In the academic year 2015-2016, the First Year of Studies in collaboration with the Division of Student Affairs launched the Moreau First Year Experience, a two-semester course sequence designed to assist first-year students in making a meaningful transition to collegiate life at Notre Dame. In our inaugural year of Moreau First Year Experience, we were able to collect, store, and analyze student data through Sakai and ePortfolio submissions in collaboration with the Kaneb Center for Teaching and Learning and Office of Information Technologies (OIT). The data are used to provide interventions for students with at-risk performances and show how students meet course goals of integrative learning and increasing sophistication in the use of technologies (audio, image, and video) through voluntary digital badges. In this presentation, we will show how the two spectra of interventions and celebration of exemplar work are being used to enhance the value of the Moreau First Year experience course.  The Moreau First Year Experience has significant campus-wide impact because it involves students and instructors from all university disciplines and will soon be the one academic experience common to all students at Notre Dame. As such, the Moreau First Year Experience is a uniquely powerful way to study and analyze successful student behavior.


Citation:


Dawson, Maureen, Ambrose G. Alex, Lanski, Alison, Anggara, Trunojoy, Dillon, John (2016) “Integrative Student Assessment in the Moreau First Year Experience through Analytics, Digital Portfolios, and Badges” Association of Authentic, Experiential, and Evidenced-based Learning (AAEEBL) Midwest Regional Conference. Notre Dame, Indiana.  

About the Conference:

The Kaneb Center for Teaching & Learning, in partnership with the Open Badges in Higher Education, is hosting the Association of Authentic Experiential, and Evidence-Based Learning (AAEEBL) Midwest Regional Conference on Wednesday May 11 and Thursday May 12, 2016. Click here for more details about the conference, program, and registration.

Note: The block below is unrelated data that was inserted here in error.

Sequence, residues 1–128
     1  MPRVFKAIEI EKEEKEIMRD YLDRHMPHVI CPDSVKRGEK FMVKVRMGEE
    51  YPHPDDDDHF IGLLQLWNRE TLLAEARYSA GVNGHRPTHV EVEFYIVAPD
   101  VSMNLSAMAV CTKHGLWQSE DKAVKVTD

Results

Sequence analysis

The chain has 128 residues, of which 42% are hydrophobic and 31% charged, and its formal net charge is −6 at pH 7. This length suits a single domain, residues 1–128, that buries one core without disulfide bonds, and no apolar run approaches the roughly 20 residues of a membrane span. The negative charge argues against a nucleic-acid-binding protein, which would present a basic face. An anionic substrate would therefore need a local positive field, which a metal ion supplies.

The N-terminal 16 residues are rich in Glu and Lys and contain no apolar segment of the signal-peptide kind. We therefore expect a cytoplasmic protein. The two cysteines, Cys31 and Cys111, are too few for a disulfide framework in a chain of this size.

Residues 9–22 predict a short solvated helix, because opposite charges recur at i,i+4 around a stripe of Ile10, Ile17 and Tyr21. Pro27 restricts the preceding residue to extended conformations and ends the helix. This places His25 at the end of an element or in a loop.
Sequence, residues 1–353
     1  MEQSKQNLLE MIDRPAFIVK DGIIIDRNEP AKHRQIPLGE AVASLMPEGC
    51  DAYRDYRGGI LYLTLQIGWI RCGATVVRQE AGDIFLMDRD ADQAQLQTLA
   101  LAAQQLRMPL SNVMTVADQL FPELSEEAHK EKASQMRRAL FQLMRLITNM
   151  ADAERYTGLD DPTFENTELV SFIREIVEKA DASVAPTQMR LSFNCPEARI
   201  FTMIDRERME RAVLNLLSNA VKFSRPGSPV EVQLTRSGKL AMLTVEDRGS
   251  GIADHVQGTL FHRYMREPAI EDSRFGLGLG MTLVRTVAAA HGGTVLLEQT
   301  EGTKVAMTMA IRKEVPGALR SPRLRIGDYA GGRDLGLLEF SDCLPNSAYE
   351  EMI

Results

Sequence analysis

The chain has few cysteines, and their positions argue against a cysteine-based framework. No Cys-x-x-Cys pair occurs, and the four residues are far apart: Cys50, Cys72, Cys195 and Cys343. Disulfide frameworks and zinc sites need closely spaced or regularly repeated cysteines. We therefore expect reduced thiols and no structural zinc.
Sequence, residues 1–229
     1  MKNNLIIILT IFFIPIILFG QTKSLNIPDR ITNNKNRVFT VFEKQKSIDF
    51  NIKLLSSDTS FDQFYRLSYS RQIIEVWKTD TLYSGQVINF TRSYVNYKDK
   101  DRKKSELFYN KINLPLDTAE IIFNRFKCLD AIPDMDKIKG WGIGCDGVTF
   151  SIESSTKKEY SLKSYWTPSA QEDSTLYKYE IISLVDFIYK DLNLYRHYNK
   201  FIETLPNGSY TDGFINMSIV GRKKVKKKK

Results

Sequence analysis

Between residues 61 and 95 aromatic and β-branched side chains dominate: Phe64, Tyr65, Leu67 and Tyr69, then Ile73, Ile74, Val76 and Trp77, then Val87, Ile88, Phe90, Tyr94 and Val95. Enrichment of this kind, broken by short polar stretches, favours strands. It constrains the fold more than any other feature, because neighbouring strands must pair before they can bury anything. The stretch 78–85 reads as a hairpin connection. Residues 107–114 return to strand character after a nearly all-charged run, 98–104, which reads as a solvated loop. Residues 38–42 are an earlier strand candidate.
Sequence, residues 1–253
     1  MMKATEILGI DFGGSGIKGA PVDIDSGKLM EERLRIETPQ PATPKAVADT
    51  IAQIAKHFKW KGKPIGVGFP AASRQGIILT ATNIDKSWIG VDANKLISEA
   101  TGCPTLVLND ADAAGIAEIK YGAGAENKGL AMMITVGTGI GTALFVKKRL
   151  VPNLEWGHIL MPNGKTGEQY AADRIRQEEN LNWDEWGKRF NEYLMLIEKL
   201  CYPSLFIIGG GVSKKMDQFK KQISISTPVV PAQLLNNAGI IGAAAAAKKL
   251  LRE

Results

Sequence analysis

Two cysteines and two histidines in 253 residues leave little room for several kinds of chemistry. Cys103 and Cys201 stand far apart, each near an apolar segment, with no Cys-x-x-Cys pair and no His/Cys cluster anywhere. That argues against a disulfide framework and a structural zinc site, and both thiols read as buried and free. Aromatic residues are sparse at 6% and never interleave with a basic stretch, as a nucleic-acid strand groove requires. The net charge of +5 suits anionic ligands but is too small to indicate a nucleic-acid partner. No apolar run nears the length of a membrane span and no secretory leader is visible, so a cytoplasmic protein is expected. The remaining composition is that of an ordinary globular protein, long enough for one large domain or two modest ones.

Notre Dame Issues 151 Digital Badges in an edX MOOC

In July of 2015, the University of Notre Dame’s Office of Digital Learning & Kaneb Center for Teaching & Learning successfully designed, developed, and delivered one of the earliest and largest digital badge initiatives in an edX MOOC

2016-06-17 11_21_10-I _Heart_ Stats_ Learning to Love Statistics _ edX

Click here to see the edX course “I ‘Heart'” Stats: Learning to Love Statistics”

2016-06-17 11_26_25-I Heart Stats Digital Badge • Credly

Click here to see the 151 Credly badges that were issued.

We also did a design-based research study on this project that you can read more about below.

ReAL Design Lab self published paper on db

Ambrose, G. Alex, Anthony, Elizabeth, DeJaegher, Duan, Xiaojing, Crystal, Dillon, John ( 2015) “Examining Digital Badge Impact on Learners’ Profiles, Performance & Perceptions in a Massive Open Online Course” University of Notre Dame, Research & Assessment for Learning Design Lab. 

Click on the hyperlink above to read our self-published paper. Unfortunately, this short paper was not accepted to this year’s Learning Analytics & Knowledge Conference but blind review journals and conferences won’t stop us from getting this work out (thanks to self-publish blogs and Academia.edu). So in the meantime, let’s use this self-published citation for attribution.

Abstract:
Massive Open Online Courses (MOOCs) provide universities with opportunities to advance educational research, improve access to education, and exhibit institutional merit. Universities worldwide have attempted to take advantage of these opportunities using various platforms (e.g., edX, Coursera) by issuing certificates of completion. The effects of digital badging as an alternative credential in MOOCs, however, have yet to be fully explored. This pilot case study examines the impact of digital badges on learners’ profiles, performance, and perceptions throughout the 8-week duration in a MOOC. A design-based research approach, learning analytics techniques, learner surveys, and observational/performance data were used to explore relationships between digital badging and MOOC passers. Preliminary findings suggest digital badging did not have an impact on MOOC course completion when compared to platform-issued certificates, but interest in a digital badge may be an indicator of commitment to the course. After better understanding the learner profile and perceptions of badge earners, design pitfalls and potential implications are shared.

 

Twitter 140 characters or less summary:
@NotreDame issues one of earliest & largest @Credly #DigitalBadge in @edX #MOOC